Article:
Happy Belated Birthday Twitter- You Have Taught Us So Much!

By Mandy Cudahy In light of Twitter’s birthday yesterday, March 21st 2011, I thought this was the perfect time to reflect on some of the biggest Twitter blunders over the past 5 years and what brands have learned from these occurrences.

@BPGlobalPR Was Created: During one of the worst oil spills in years, BP spent their days trying to stop over 5,000 barrels a day from being leaked into the Gulf of Mexico. In the midst of their efforts rose a satirical Twitter account that attempted to misrepresent the brand, poke fun at the situation, and do a whole lot of brand damage. This fictitious account was created to make BP look like a company that didn’t take the Gulf disaster seriously or care about those affected. @BPGlobalPR gained more followers than the real BP account and what is worse is the company did nothing to stop it.

Key Learnings: If not adopted as part your regular marketing mix and monitored closely, Twitter can be dangerous for brands, especially during a crisis. Always have social media a crisis management plan in place so that you are able to act as quickly as  information spreads.


@HabitatUK Adopts a Spamming Strategy: Habitat, a trendy furniture store in the UK, was responsible for one of the most high-profile Twitter fails in 2009, hijacking popular hashtag topics in its Tweets on unrelated topics to attempt to garner awareness. Their strategy was to use the top trending hashtags in their promotional tweets, not even paying attention to the topic.  Where the biggest blunder happened was the use of tags related to the violence happening in Iran – in between the tweets expressing support and updates on what was going on, Habitat updates were posted sharing its latest offers and contests. The worst part about this is the company later deleted the offending tweets, continued as though nothing had happened, and then finally claimed the tweets were not authorized by the company.

Key Learnings: Never try to gain awareness through spam. Being transparent, engaging, and providing value should always be the biggest part of your social media strategy. Always own up to your mistakes - lying will only make it worse.


#Amazonfail: Amazon learned the hard way that Twitter can take even the smallest “error” and make it huge. The hashtag #Amazonfail quickly became one of the most popular tags on the site in April of 2009, after the online retailer positioned lesbian and gay books as adult content. This meant that many authors couldn’t get a sales ranking for their books and were blacklisted. The company blamed a glitch in its sales rank feature, but thousands of Twitter users were never convinced this was the truth.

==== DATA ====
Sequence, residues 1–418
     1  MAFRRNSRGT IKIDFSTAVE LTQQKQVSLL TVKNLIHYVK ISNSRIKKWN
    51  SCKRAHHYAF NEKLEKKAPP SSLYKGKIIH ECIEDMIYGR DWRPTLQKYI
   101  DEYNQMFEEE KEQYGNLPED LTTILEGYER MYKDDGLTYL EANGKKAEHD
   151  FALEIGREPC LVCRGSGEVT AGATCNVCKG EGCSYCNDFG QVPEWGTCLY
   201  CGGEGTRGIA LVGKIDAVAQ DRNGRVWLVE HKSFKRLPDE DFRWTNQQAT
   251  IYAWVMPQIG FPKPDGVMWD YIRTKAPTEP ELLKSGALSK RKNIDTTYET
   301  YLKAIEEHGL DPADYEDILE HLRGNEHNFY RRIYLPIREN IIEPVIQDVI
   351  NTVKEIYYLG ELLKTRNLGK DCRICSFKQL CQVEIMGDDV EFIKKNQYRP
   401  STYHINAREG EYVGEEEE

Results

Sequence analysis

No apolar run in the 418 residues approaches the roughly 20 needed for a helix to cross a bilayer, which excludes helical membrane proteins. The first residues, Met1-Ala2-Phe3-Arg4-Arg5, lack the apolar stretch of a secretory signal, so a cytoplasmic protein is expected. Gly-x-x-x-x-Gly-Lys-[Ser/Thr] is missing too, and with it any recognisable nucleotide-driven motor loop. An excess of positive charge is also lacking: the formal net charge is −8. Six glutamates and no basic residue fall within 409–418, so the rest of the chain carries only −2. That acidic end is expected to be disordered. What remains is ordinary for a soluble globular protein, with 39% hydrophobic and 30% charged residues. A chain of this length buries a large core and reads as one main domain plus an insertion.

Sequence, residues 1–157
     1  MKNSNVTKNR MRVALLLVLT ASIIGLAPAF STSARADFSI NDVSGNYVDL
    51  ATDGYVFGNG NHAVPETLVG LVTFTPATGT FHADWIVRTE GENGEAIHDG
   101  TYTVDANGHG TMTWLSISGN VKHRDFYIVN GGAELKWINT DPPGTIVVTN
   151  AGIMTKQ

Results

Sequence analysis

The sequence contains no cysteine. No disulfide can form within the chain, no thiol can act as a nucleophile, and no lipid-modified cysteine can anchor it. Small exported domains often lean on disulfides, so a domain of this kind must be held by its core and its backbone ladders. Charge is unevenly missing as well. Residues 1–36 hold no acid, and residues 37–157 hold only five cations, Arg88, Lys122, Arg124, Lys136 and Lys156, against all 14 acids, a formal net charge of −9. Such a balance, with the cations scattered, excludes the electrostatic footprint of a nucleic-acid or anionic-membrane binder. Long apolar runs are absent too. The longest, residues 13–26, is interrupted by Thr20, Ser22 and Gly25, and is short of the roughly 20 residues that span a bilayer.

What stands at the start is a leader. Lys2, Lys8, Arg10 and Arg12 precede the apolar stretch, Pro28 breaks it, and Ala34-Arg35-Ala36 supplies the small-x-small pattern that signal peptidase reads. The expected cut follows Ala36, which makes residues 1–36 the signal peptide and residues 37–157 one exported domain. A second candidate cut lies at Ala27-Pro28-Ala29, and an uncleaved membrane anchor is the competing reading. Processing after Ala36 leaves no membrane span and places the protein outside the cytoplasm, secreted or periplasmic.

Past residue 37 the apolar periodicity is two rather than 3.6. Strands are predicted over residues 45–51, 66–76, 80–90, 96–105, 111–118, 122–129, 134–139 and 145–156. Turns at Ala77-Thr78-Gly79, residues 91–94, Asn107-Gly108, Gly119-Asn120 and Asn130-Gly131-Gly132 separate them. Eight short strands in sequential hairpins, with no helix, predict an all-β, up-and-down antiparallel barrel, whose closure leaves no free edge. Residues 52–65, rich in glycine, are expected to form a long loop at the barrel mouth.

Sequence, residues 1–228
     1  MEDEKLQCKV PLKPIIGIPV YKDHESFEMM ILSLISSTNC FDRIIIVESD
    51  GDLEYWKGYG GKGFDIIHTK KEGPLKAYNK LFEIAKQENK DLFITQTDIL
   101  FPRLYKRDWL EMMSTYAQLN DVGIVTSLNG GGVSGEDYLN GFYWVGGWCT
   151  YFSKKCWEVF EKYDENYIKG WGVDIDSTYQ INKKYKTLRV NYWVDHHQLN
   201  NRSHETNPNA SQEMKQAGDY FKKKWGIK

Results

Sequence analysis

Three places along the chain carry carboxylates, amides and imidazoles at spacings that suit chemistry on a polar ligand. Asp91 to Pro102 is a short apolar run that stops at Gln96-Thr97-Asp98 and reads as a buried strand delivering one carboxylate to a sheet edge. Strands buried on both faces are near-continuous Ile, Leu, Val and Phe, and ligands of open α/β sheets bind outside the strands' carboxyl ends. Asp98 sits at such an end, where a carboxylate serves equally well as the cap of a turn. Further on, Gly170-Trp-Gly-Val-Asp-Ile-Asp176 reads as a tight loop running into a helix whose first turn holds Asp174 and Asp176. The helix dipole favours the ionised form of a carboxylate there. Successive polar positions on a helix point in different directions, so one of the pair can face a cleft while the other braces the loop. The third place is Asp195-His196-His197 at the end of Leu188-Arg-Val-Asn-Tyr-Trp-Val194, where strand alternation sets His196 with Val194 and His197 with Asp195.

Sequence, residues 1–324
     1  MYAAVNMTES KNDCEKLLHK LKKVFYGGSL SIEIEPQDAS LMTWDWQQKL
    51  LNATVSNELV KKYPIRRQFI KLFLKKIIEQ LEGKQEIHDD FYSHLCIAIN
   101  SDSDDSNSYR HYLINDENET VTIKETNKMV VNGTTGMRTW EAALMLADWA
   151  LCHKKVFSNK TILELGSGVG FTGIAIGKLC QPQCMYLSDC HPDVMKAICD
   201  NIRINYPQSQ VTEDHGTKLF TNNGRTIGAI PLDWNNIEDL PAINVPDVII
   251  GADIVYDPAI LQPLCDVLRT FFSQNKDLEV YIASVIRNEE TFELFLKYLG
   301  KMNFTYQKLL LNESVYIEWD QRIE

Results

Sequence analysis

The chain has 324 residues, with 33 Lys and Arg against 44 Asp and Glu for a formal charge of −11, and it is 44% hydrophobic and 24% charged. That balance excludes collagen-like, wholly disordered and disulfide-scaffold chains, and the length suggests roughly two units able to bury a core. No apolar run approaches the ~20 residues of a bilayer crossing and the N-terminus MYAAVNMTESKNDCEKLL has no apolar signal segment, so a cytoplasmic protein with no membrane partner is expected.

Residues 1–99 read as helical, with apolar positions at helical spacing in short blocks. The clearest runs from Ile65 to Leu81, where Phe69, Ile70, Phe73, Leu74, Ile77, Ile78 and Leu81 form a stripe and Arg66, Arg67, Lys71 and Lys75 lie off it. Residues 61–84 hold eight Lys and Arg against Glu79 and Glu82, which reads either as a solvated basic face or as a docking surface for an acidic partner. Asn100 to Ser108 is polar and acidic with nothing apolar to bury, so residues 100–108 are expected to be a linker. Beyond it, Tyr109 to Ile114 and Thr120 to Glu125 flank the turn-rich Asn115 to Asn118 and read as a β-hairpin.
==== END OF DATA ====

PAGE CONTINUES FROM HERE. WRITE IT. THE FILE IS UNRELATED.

Key Learnings: Similar to the previously mentioned blunders, companies should always have a social media crisis plan in place and be transparent about their mistakes.


Skittles.com: Although headed in the right direction, Skittles jumped into a Twitter strategy before completely understanding how the medium worked.  The brand created a link on their website that re-directed users to a Twitter page featuring every tweet mentioning “Skittles”. Very clever and a great way to cross promote their social media efforts, but when they first set up the link the plan backfired.  Twitter users felt used as there was no two-way communication with the product or the company; instead ,their posts were just being used as content for the website. What followed was users flooding the search results page with less than complimentary joke comments on the brand, such as, “Skittles got stuck in my mouth while I was driving, forced me to slam into orphanage, killing hundreds. I’ll never eat them again.”

Key Learnings: Always have a thought-out strategy in place before jumping onto a new medium. If Skittles had understood how Twitter worked and interacted with their fans by providing value, this could have been avoided.


Southwest Airlines - The Weight Issue: Yet another brand that has underestimated power of Twitter and the voices of their consumers. When Southwest employees told comedian and director Kevin Smith that he was too large to fit into a single coach seat and removed him from a flight back in 2009, the Hollywood star flew off the handle – and straight to Twitter. He posted several influential tweets that had many of his loyal fans in an uproar. Southwest apologized and offered him a $100 voucher, which he thought was insulting and refused.  He publicly vowed to never to fly Southwest again.

Key Learnings: A customer’s voice is much stronger and even more influential with the power of social media and thus brands should ensure they are handling every customer issue with the utmost care and compassion. If you have to apologize for an error in a public forum, never make the situation worse by insulting the customer with a less than valuable compensation.

Which of these Twitter blunders do you think your company can learn most from? Do you have any others to share? Share your thoughts in the comments below!